How to test your urinary pH to see which UTI treatment you should use

Testing urinary pH is easy, but you need pH litmus paper sticks to do the test. These are very easy to find, and very cheap, found at your local pharmacy or online for almost no bucks. Just ask.

You may be testing your urinary pH to see which urinary tract infection treatment you should be using, or just to keep tabs on it for another reason. No matter what, your urinary pH will fluctuate during the day, but typically not by much.

When you have a urinary tract infection (UTI), specific bacteria cause your urine to become more or less acidic, so knowing what your urinary pH is doing means you can choose the treatment that works best in either environment.

     Our urinary tract infection treatment teas

     How to change your urinary pH to suit your treatment

If you bought the wrong treatment tea, or your pH changed, or your new UTI has caused a different pH to the last, you can make your urinary more acidic by eating, drinking or supplementing with berries like cranberries, or you can alkalise it by drinking Ural or another urinary alkaliser.

Either way, it doesn’t matter – just make sure you have the right treatment for your urinary pH, and it’ll work like a charm, soothing your urinary tract, killing bacteria, and relieving you of the hell of UTIs. If you get the wrong one, don’t worry – it’s easy enough to change it temporarily so your treatments can work their magic.

     Testing your urinary pH

  1. Sit on the toilet as usual when you need to urinate, clutching your urinary pH tester stick.
  2. When your urine flow has begun, dunk the pH tester strip into your urine stream so it gets wet, and then take it straight out. No need to soak it.
  3. See what colour changes appear immediately, and correlate that with the number. Remember the number.
  4. Neutral is 7.0, while alkaline is towards the high numbers, and acidic is towards the low numbers. Normal urinary pH is between 4.5 and 8, but usually it’s between 5.5 and 6.5 (slightly acidic).
  5. If your urinary pH is very close to one end or the other, it could be a sign of something else, so just be aware of the fact that your urine is a good indicator of some health conditions. (See bottom.)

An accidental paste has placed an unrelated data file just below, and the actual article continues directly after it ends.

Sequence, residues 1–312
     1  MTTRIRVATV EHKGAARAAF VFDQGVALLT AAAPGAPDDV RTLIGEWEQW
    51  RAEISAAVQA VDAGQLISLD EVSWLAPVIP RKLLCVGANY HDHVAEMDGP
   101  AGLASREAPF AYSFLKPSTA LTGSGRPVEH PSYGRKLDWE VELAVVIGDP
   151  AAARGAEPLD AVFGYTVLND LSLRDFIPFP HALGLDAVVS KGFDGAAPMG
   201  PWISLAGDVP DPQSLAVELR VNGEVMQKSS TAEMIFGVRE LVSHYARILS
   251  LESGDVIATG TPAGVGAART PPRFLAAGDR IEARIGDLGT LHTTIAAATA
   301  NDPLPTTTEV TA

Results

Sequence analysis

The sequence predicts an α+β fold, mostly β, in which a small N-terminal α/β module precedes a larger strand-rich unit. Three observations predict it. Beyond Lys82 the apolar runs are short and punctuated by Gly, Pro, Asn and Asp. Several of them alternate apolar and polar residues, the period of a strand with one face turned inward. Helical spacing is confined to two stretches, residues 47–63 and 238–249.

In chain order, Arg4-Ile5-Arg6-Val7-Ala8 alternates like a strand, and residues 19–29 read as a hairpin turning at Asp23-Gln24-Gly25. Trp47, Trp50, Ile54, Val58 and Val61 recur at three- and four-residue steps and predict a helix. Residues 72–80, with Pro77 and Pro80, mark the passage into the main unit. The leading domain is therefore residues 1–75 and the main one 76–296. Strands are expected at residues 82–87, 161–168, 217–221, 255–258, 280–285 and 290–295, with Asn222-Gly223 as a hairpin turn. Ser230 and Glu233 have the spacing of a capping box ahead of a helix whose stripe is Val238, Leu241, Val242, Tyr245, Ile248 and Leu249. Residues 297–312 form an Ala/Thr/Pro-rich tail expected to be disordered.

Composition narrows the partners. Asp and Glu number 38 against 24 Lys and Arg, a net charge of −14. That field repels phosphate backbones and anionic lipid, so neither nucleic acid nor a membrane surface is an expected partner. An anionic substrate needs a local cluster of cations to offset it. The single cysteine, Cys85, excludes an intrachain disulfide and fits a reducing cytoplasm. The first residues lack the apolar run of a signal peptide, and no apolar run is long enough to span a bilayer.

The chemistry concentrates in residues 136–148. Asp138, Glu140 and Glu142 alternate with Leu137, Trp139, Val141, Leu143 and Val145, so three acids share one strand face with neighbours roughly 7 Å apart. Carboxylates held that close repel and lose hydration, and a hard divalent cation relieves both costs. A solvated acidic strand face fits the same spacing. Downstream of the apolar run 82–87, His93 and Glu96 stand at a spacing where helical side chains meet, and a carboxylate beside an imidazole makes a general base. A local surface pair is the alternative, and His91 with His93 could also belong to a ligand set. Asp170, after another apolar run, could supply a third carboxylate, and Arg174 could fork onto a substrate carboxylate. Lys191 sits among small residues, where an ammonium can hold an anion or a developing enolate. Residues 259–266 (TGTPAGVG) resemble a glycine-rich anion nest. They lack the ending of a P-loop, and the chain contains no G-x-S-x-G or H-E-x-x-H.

ph Scale for vaginas

     Medications you are on can change your urinary pH

Some medications will alter your urinary pH, so if you are on acetazolamide (epilepsy, glaucoma), ammonium chloride (cough mixture), methenamine mandelate (UTIs), potassium citrate (gout, kidney stones), sodium bicarbonate (heartburn, acid reflux, indigestion), or thiazide diuretics (high blood pressure, blood clotting disorders), you may find your pH is on one extreme or the other.

     What does the pH mean in terms of treatments?

A neutral pH is 7.0, which is great – most bacteria are kept in check with a neutral pH. But, you aren’t testing your pH because you are normal (probably), but because you are testing to get the right UTI treatment. It doesn’t actually matter what the pH of your urine is, just that you match the treatment to the pH.

If your pH is on one side of the 7.0, then choose that particular treatment, so if your test says your urine is a 5.5, then you need Aunt Vadge’s UTI Tea – Acidic Urinary pH. If you get an 8, then you need Aunt Vadge’s UTI Tea – Alkaline Urinary pH.

If you get a 7.0, then either UTI will be fine, but you should add either an acidifier (cranberry) or an alkaliser (urinary alkalisers like Ural) to make the most of your treatments.

     When to add a urinary acidifier or an alkaliser – neutral(ish) pH

If you get a neutral or near neutral result, you may wish to enhance your treatment effectiveness by adding in cranberry (plain unsweetened juice, tablets) to acidify or a urinary alkaliser like Ural to alkalise your urine, to match your treatment requirements.

If you have the symptoms of a UTI, but no treatments seem to make much difference, it might be because you have nonspecific urethritis, which means you have urinary tract irritation, but no actual infection. This can happen due to irritants that you are putting on or near your vulva, like coloured toilet paper or wipes. Check everything that comes in contact with your vulva for irritants, and get rid of them. If it’s an irritant, it will soon clear up without contact.

     Urinary pH – what it could also mean if it’s consistently very high or very low

If you are testing your urinary pH regularly, you may see some patterns emerging. It may be that your urinary pH is consistently high or consistently low, even after your infection has cleared up completely. If this is the case, you may need to visit your doctor to talk about what’s going on, since very high or very low urinary pH, consistently, is not normal and could indicate a deeper health issue.

     Low urinary pH (acidic, less than pH 7.0)
  • Dehydrated
  • Diarrhoea
  • Starvation/anorexia
  • Diabetic ketoacidosis
  • Acidosis
    High urinary pH (alkaline, more than pH 7.0)
  • Urinary tract infection
  • Kidney issues
  • Vomiting or stomach contents removal
  • Pyloric obstruction


Jessica Lloyd - Naturopathic Practitioner, BHSc(N)

Jessica Lloyd - Naturopathic Practitioner, BHSc(N)

Jessica is a degree-qualified naturopath (BHSc) specialising in vulvovaginal health and disease, based in Melbourne, Australia.

Jessica is the owner and lead naturopath of My Vagina, and is a member of the:

  • International Society for the Study of Vulvovaginal Disease (ISSVD)
  • International Society for the Study of Women's Sexual Health (ISSWSH)
  • National Vulvodynia Association (NVA) Australia
  • New Zealand Vulvovaginal Society (ANZVS)
  • Australian Traditional Medicine Society (ATMS)
Read more about Jessica and My Vagina's origin story.
Jessica Lloyd - Naturopathic Practitioner, BHSc(N)

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